Perhaps it behooves us who are still here to realize that Jun's death points us to the very reason why he was so loved and esteemed and why his passing away has become so much of a personal tragedy for all of us. During his short yet remarkable public life, Jun has always and consistently made it a deeply personal mission the unenviable task of convincing his constituents that the greatness of Lianga, whether in the memories of the past or as a much desired goal for the future, has never depended and will never depend solely on the quality of its political leadership but more importantly on the collective character and attitude of its people.
Time and time again, he would decry the worrisome predilection of the local people to put too much of the burden of leading Lianga to progress and prosperity on the shoulders of its elected leaders. He had always believed that the town in particular and the country in general will never truly move on and achieve true growth and development unless the ordinary people take up the cudgels themselves, endure and make sacrifices, and do their share in the massive work that has to be done.
In countless public speeches and in private talks with friends and confidants, he has always made emphatically clear his conviction that it is never enough for a community or a nation to have good leaders. It must ideally also have good citizens who are all committed not only to their own small and petty concerns but even more so to the achievement of what is to the greater good and what was in the greater interest and the better welfare of all.
Much has been said about Jun Lala, the man and the public servant, as being in the same mold as that of another deceased yet also beloved government official, in particular the late Jesse Robredo, the former Secretary of the Interior and Local Government, whose first death anniversary was incidentally commemorated just a day or so of Jun's passing away. Both were much admired political leaders who died tragically too young and who were widely known for their personal integrity, humility, charisma and dedication to a brand of people-centered "tsinelas" public service that runs counter to the arrogance, amorality and corruption that is the norm in the political life of this country.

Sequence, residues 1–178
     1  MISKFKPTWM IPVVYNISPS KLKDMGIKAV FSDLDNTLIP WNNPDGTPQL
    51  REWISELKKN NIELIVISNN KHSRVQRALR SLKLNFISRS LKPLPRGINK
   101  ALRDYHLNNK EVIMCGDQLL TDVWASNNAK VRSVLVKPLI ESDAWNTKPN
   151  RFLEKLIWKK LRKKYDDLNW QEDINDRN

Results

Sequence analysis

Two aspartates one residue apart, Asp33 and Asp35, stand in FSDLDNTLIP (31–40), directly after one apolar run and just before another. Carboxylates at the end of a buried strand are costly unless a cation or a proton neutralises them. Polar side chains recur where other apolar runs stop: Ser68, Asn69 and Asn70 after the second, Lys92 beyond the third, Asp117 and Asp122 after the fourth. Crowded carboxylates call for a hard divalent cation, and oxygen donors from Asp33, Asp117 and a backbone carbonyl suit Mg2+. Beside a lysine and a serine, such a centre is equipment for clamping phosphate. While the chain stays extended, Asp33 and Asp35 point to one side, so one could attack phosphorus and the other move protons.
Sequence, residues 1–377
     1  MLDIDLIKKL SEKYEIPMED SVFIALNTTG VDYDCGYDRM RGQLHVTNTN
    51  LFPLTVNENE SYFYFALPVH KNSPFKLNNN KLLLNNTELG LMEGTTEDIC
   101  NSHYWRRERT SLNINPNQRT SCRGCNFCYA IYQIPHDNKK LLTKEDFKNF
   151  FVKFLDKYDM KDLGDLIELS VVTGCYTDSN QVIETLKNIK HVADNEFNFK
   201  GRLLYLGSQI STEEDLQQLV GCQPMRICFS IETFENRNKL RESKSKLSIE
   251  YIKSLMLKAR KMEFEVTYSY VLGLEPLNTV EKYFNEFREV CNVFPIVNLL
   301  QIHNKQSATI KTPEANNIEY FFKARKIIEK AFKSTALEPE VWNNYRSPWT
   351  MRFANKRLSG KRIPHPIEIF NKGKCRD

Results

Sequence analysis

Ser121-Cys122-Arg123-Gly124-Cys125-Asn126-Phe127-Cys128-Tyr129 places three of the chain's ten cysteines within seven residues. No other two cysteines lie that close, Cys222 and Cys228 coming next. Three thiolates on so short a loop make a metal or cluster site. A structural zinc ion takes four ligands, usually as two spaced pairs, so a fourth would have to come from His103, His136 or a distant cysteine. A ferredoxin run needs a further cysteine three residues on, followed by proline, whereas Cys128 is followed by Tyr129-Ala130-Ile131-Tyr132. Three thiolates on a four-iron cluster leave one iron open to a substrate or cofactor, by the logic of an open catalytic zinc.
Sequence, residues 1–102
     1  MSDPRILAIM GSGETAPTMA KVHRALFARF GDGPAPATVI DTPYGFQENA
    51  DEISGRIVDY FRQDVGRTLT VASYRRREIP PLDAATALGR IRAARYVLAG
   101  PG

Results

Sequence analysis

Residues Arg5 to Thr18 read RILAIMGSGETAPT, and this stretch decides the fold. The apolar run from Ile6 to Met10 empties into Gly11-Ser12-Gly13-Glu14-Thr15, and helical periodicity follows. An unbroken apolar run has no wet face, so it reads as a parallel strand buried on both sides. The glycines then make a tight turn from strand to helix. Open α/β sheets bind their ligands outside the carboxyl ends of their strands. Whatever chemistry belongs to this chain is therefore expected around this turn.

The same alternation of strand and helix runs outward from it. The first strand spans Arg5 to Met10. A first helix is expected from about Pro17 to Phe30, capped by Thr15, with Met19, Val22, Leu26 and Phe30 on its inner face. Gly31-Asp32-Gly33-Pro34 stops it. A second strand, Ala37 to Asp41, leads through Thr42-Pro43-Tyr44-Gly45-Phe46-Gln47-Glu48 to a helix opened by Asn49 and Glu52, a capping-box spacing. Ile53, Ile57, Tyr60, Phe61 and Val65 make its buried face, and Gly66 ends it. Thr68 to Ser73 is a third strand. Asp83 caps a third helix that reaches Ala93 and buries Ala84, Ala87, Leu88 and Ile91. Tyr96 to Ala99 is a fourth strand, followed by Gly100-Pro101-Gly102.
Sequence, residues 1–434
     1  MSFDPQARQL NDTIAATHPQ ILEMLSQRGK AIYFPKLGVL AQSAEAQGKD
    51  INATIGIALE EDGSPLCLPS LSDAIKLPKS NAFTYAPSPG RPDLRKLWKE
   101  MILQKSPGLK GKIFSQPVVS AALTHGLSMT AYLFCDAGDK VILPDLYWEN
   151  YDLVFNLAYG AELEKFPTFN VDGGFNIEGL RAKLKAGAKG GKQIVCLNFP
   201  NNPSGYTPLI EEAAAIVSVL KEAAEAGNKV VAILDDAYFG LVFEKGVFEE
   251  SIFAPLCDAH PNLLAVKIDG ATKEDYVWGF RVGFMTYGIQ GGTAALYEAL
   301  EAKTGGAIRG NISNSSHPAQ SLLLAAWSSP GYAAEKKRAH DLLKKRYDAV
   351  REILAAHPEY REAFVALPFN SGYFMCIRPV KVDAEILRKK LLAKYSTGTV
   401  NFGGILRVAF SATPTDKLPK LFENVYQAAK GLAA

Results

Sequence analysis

Indeed we must mourn and grieve for such good men and good public servants because in life and even in death they gave us more than hope in our country and its future. They have shown us clearly and by the vivid example of their lives how our own lives, whether we be leaders ourselves or merely ordinary citizens, should be really lived. We mourn then because deep down inside, in our hearts of hearts, we see in them our very own selves at our very best, at our most noble and at our most inspiring.
If and only for that very reason then, the question of why Jun Lala had been taken so soon from us can be set aside and laid to rest like him. His life of only four decades and of it just less than a decade lived in the arena of public service does seem startlingly short and abrupt and even incomplete. But in one sense it was more than enough.
More than enough to awaken us and open our eyes, more than enough to shake us out of our lethargy and apathy, more than enough to inspire and motivate us to become better and greater than what we already are and more than enough to make us realize that we too can rise to excellence if we choose to do so. Good men and good leaders may come and go but their memory and legacy lives and continues in those who follow and emulate them. Jun will forever continue to live in those who, in tribute to him and in recognition of his greatness, will strive to live by the same principles he had always lived by and in doing so move heaven and earth to see to it that all of his hopes and dreams for Lianga will finally come true.